ISIS: Yes, Mr. Blair, You Did Build This

by Kevin Carson

ISIS: Yes, Mr. Blair, You Did Build This

Last month, in a tone which might best be called unlikely insistence, former British Prime Minister Tony Blair reassured the public that “we” — the UK and United States — “have to liberate ourselves from the notion that we caused” the destabilization of Iraq by the ISIS insurgency. Well, actually you did.

Let’s go back to the Versailles peace conference at the end of WWI, when Britain — with the agreement of the other Western powers — carved the mandate of Iraq out of three former Ottoman provinces. These provinces — Sunni Kurdish, Sunni Arab and Shia marsh Arab — were about as unwieldy as any other artificial country the imperial powers of Europe cobbled together around the world and displayed high potential for instability from the beginning. Continue reading

What the Media Won’t Report About Malaysian Airlines Flight MH17

The Ron Paul Institute for Peace & Prosperity

What the Media Won’t Report About Malaysian Airlines Flight MH17

Rep. Ron Paul, July 21, 2014

Just days after the tragic crash of a Malaysian Airlines flight over eastern Ukraine, Western politicians and media joined together to gain the maximum propaganda value from the disaster. It had to be Russia; it had to be Putin, they said. President Obama held a press conference to claim – even before an investigation – that it was pro-Russian rebels in the region who were responsible. His ambassador to the UN, Samantha Power, did the same at the UN Security Council – just one day after the crash! Continue reading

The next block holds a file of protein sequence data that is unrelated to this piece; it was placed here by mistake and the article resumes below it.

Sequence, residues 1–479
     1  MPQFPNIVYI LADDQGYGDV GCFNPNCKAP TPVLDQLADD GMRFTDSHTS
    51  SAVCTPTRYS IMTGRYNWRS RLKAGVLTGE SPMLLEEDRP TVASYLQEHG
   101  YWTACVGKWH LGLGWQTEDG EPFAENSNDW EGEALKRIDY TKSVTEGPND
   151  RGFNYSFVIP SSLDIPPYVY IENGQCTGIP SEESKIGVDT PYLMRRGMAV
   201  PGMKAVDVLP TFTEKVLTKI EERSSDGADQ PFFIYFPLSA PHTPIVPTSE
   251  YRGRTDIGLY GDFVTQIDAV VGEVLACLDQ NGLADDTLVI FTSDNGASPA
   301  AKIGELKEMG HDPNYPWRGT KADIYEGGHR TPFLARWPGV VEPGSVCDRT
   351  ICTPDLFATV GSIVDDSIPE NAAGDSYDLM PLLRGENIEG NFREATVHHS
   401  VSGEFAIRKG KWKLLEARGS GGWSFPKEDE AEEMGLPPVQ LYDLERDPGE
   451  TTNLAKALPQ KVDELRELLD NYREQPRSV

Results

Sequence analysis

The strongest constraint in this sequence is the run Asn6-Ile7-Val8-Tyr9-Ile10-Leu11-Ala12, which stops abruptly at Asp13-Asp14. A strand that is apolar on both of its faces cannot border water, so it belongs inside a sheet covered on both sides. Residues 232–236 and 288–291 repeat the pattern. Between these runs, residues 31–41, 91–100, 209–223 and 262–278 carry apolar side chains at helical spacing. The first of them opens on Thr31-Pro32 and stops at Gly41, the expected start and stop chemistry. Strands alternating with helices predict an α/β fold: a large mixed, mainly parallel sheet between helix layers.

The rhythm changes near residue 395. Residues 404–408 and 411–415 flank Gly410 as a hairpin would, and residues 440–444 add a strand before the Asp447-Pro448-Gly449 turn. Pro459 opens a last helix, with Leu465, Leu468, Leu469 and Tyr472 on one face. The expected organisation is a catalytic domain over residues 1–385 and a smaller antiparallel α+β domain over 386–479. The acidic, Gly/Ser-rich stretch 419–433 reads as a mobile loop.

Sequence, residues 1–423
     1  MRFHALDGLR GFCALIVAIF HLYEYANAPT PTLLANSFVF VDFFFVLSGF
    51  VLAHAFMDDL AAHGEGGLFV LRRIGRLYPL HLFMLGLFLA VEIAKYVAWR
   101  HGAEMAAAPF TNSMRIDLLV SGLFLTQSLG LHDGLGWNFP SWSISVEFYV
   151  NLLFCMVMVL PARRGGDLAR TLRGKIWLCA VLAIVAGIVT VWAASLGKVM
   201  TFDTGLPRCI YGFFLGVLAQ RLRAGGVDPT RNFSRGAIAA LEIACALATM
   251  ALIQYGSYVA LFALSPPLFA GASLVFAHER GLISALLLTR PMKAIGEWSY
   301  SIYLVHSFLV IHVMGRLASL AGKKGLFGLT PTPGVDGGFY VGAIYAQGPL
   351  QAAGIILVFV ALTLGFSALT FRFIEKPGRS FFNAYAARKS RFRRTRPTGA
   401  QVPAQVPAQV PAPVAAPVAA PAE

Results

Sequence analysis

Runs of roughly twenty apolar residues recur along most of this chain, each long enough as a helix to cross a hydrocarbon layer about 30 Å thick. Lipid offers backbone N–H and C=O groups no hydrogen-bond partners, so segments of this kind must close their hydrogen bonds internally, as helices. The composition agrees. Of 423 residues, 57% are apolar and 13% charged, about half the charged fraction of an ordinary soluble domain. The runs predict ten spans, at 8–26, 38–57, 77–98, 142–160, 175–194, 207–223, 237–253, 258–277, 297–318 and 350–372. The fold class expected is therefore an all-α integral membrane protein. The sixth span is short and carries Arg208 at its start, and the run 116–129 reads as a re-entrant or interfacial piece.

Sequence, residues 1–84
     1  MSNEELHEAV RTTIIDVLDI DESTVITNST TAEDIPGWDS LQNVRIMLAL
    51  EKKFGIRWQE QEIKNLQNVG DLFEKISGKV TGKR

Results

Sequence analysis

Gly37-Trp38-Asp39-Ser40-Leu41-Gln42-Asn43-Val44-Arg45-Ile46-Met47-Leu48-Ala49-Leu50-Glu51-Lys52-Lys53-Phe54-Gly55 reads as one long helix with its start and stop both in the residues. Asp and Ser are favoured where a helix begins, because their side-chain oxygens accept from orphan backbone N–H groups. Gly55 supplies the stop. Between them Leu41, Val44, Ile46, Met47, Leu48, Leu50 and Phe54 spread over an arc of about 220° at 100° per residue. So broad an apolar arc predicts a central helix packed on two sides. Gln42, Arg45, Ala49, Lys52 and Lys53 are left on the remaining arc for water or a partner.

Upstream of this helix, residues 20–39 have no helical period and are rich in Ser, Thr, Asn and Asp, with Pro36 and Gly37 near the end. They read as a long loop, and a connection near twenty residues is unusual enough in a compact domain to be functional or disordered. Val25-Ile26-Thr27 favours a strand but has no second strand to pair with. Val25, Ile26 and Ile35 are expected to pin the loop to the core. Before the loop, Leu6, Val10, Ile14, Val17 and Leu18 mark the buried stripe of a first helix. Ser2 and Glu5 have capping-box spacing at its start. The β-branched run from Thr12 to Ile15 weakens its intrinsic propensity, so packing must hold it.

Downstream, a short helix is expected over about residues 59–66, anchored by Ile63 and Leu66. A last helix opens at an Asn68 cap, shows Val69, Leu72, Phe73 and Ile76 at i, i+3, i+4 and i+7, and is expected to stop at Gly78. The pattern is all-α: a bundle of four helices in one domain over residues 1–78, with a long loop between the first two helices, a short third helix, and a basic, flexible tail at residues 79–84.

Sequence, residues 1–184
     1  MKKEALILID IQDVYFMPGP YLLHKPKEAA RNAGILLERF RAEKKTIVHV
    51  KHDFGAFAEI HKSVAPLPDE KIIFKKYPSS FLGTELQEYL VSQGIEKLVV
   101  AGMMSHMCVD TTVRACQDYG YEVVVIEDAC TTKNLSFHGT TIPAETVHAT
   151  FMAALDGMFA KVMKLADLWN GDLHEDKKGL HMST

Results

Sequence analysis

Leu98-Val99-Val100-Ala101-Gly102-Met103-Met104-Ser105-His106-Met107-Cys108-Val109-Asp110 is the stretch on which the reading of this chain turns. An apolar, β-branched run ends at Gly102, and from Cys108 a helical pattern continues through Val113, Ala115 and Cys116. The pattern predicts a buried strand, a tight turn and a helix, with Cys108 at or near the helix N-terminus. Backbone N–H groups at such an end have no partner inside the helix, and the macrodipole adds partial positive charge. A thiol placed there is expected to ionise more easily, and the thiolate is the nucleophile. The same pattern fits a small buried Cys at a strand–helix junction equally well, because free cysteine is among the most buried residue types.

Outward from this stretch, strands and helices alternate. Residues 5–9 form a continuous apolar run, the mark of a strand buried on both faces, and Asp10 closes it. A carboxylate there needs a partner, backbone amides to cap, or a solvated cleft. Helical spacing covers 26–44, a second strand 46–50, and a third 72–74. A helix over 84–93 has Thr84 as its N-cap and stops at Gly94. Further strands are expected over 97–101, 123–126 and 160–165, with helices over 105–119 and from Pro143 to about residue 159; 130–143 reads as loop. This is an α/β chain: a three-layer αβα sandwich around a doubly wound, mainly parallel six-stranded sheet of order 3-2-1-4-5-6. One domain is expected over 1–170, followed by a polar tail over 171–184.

Groomed by Labour – Screwed by Tories?

by Anna Raccoon

Groomed by Labour – Screwed by Tories?

NO Freeman shall be taken or imprisoned, or be disseised of his Freehold, or Liberties, or free Customs, or be outlawed, or exiled, or any other wise destroyed; nor will We not pass upon him, nor condemn him, but by lawful judgment of his Peers, or by the Law of the land. We will sell to no man, we will not deny or defer to any man either Justice or Right.